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      Position Statement: Sharing of Clinical Research Data in Spinal Muscular Atrophy to Accelerate Research and Improve Outcomes for Patients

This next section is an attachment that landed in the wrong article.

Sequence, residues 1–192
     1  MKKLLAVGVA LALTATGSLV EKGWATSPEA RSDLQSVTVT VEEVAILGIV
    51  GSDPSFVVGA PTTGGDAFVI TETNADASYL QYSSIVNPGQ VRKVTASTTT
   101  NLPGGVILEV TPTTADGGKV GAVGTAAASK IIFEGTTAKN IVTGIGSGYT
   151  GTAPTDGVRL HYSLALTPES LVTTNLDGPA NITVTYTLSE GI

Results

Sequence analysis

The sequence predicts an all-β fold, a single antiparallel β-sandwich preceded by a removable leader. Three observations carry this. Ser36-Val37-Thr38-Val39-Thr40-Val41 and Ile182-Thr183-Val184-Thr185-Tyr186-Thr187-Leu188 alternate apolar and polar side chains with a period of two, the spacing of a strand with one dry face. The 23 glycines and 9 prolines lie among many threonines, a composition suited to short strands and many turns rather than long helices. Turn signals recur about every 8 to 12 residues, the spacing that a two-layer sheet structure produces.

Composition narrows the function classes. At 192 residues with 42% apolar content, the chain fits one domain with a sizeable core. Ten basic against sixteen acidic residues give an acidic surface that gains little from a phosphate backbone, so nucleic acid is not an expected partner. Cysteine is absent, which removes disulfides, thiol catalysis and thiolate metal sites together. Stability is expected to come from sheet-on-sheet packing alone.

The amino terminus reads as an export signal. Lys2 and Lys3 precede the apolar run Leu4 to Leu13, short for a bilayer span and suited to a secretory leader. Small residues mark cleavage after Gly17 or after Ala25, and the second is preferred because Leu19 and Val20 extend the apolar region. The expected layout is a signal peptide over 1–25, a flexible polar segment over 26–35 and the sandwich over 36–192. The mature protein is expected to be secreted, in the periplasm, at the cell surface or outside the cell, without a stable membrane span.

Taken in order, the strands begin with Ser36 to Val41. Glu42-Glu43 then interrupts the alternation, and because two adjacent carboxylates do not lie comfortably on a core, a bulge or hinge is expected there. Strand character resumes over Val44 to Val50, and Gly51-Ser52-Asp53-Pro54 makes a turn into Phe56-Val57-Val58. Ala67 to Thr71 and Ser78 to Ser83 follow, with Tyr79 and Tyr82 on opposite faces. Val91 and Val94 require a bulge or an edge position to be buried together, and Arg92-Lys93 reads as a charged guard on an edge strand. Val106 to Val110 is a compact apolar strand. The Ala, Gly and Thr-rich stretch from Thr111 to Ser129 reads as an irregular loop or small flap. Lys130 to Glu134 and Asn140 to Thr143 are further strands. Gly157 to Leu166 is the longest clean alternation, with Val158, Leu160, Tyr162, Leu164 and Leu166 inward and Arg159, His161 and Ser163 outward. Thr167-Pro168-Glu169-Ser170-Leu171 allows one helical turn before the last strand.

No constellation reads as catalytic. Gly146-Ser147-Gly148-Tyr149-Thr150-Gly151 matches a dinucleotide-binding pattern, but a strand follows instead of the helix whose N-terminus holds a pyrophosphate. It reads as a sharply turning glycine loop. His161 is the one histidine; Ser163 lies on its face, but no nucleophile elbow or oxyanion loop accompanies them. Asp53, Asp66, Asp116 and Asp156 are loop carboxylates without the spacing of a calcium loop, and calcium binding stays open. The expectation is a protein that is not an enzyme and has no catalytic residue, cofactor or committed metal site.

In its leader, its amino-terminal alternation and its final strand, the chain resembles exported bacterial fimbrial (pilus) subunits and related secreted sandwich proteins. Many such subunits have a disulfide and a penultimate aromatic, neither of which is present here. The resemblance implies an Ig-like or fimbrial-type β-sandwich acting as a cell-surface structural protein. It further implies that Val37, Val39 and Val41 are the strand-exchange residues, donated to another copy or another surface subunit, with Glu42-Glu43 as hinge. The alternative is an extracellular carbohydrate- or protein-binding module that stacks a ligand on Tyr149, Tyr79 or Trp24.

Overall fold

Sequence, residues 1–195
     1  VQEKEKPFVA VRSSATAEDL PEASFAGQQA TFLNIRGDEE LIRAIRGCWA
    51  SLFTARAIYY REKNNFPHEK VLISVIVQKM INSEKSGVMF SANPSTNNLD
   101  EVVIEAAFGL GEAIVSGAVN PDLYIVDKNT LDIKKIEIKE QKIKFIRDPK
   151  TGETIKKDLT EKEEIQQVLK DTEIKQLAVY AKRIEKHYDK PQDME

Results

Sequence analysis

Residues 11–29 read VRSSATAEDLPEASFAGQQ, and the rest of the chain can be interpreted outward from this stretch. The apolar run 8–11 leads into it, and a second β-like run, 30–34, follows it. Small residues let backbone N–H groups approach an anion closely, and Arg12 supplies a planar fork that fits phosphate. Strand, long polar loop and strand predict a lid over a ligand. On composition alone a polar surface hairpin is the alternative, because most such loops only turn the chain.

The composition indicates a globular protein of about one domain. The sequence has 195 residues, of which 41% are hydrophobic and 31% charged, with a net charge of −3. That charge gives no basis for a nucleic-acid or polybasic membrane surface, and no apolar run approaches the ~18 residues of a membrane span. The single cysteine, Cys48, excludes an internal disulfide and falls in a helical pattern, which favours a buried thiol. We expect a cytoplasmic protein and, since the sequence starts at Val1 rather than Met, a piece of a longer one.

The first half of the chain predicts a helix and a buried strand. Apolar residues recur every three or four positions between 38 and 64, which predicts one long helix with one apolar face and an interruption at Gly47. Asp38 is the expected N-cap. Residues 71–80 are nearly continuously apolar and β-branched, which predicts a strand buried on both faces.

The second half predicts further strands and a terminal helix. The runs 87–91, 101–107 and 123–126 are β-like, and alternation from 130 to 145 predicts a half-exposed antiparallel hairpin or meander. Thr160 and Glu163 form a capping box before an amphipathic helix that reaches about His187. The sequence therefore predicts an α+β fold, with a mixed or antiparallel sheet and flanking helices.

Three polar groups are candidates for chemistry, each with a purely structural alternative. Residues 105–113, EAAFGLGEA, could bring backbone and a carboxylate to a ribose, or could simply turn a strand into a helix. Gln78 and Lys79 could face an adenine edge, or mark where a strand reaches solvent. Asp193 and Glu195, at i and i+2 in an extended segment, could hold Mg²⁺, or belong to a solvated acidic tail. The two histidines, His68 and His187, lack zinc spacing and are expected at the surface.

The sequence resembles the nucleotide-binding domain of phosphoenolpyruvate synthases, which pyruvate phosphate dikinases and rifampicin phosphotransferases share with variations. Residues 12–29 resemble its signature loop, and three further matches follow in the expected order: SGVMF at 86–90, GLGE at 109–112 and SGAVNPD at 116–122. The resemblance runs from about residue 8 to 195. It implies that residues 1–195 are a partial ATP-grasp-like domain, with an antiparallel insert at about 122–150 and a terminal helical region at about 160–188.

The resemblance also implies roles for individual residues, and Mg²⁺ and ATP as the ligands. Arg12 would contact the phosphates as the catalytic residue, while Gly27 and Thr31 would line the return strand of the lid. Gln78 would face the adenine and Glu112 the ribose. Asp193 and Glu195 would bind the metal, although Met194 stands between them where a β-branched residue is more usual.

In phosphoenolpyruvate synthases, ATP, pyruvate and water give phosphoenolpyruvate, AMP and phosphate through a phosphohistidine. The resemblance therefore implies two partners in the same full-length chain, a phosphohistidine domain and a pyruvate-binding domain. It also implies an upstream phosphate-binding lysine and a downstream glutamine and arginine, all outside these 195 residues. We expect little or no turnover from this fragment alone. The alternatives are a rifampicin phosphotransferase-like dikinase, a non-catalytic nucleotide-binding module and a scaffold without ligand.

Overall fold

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          Recent years have seen increasing clinical research activities in spinal muscular atrophy (SMA), involving patients, their families, clinicians, researchers, regulators and industry [1–3]. This has led to unprecedented advancements in understanding of genetic determinants of severity and prognosis, the natural history, outcome measures, and most importantly first marketed therapies [4–8]. However, many patients with SMA do not benefit yet from effective treatments or show limited clinical response or impact on their quality of life. A major barrier to carry out further clinical research is the relatively low incidence and prevalence of SMA [9, 10], considered a Rare Disorder (RD) covered by Orphan Drug Regulations in most jurisdictions. Many of the remaining challenges are not specific to SMA, but common across different RDs, across research domains and are linked to the unavailability of data of sufficient quality. Clinical trial in RDs considered as pivotal frequently do not cover the entire disease spectrum such as severity or age range. These gaps in knowledge lead to marketing approvals granted under the condition for stringent and comprehensive collection of post marketing, real-life outcome data. This is not only due to the scarcity of data, but also to the lack of options to reuse data that does exist. This may include options to take advantage of existing natural history data; and concerns related to the accuracy of the data collected. Therefore, international organizations involved in RD research have endorsed mechanisms and standards enabling data sharing [11–13], including the international charter of principles for sharing bio-specimens and data and the FAIR principles for data (findable, accessible, interoperable, reusable). Important issues to address are privacy protection issues, lack of infrastructure for data sharing, lack of standards and interoperability, reluctance to share unpublished data, lack of capacity to analyse large amounts of data, and challenges of linking different datasets in different places. The benefits of sharing data and samples in RDs are: overcoming the “rare disease problem” in clinical research, eg cohort size, powering trials and finding confirmatory cases, reducing costs and duplication of effort, facilitating validation of results and enabling engagement with experts and the patient community. A recent workshop with panellists from patient organizations, academia and industry discussed the challenges and benefits of data sharing in SMA clinical research at the international conference of SMA Europe in Krakow (full workshop report in the supplementary material). The discussion brought several activities to light where international collaboration, close interactions between different stakeholders and data sharing, have contributed to the recent successes in SMA clinical research, including the transnational collaboration of patient organizations in SMA Europe, multi-centric studies into natural history and outcome measures, global trial readiness through registries and biobanks (TREAT-NMD, 14), and commercially sponsored multinational trials. Moreover, new opportunities and challenges in SMA research were identified, that may benefit or have an impact on data sharing, including patient-reported outcome measures, trials without placebo groups, real-world outcome and safety of marketed products, and the changing legal environment in European data protection (GDPR, General Data Protection Regulation). The following statements were made during the workshop and were broadly agreed to by the authors: 1. SMA patients, families and patient organizations want to play a critical role in SMA research, not only through participation and dissemination, but through governance and design of studies and outcome measures, as well as access and use of research data. 2. Data capture in SMA should wherever possible follow the IRDiRC-recognized “FAIR Guiding Principles” in order to make the collected data Findable, Accessible, Interoperable and Reusable and thus maximise their utility for research. 3. Disease-specific registries are recommended by regulatory agencies, supported by all stakeholders, and favoured over product-specific registries to avoid fragmentation, save resources and to allow meaningful analysis across both treated and untreated SMA patients. 4. Real-life (post-marketing) outcome data capture is warranted due to regulatory and payer commitments in SMA, and requires a high degree of transnational collaboration and standardization (eg data items, data capture, IT, monitoring, analysis) to ensure reporting at the required detail, quality and speed. 5. Companies sponsoring clinical trials in SMA are encouraged to share their placebo arm data through an agreed mechanism allowing access to the data by other investigators both from the academic and the commercial sector, in order to limit or avoid placebo groups in future clinical trials as recommended by the recent EMA workshop [15]. 6. Data collections from natural history studies, clinical trials and patient registries in SMA are precious resources that involve extensive effort and investment from academics, pharmaceutical companies and most of all the patients themselves. Benefits derived from these collections must be shared amongst contributing stakeholders and the principles of equality of access, benefit sharing and return of results should at all times be considered. 7. The GDPR in Europe coming into effect in May 2018 does not prevent data sharing in clinical SMA research, but provides legislation that is less divergent amongst different European member states than current frameworks. Similar principles and recommendations might be applicable to other areas of SMA research, such as standards of care, biomarkers and burden of illness, but were not covered in the workshop. Similarly, data sharing in preclinical research – beyond the publication in peer-reviewed scientific journals – is very pertinent and reviewed elsewhere. DISCLAIMER This statement reflects the personal opinion of the authors, but cannot be seen as binding to the organisations the authors are affiliated with. It aims to reflect and summarize a multi-stakeholder discussion that took place at the SMA Europe conference in Krakow in January 2018. Supplementary Material Supplementary Material Click here for additional data file.